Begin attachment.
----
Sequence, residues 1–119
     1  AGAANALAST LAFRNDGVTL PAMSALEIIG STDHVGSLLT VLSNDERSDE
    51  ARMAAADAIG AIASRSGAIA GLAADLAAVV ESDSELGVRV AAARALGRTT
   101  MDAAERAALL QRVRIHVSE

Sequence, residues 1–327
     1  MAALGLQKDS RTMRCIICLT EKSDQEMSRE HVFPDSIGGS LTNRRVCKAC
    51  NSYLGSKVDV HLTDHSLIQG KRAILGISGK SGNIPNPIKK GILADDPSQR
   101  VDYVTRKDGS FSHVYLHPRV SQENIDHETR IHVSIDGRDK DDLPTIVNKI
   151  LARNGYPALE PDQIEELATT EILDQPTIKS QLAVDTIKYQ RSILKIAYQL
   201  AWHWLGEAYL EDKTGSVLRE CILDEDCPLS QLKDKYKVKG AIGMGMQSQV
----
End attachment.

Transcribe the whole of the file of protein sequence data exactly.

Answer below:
Sequence, residues 1–119
     1  AGAANALAST LAFRNDGVTL PAMSALEIIG STDHVGSLLT VLSNDERSDE
    51  ARMAAADAIG AIASRSGAIA GLAADLAAVV ESDSELGVRV AAARALGRTT
   101  MDAAERAALL QRVRIHVSE

Sequence, residues 1–327
     1  MAALGLQKDS RTMRCIICLT EKSDQEMSRE HVFPDSIGGS LTNRRVCKAC
    51  NSYLGSKVDV HLTDHSLIQG KRAILGISGK SGNIPNPIKK GILADDPSQR
   101  VDYVTRKDGS FSHVYLHPRV SQENIDHETR IHVSIDGRDK DDLPTIVNKI
   151  LARNGYPALE PDQIEELATT EILDQPTIKS QLAVDTIKYQ RSILKIAYQL
   201  AWHWLGEAYL EDKTGSVLRE CILDEDCPLS QLKDKYKVKG AIGMGMQSQV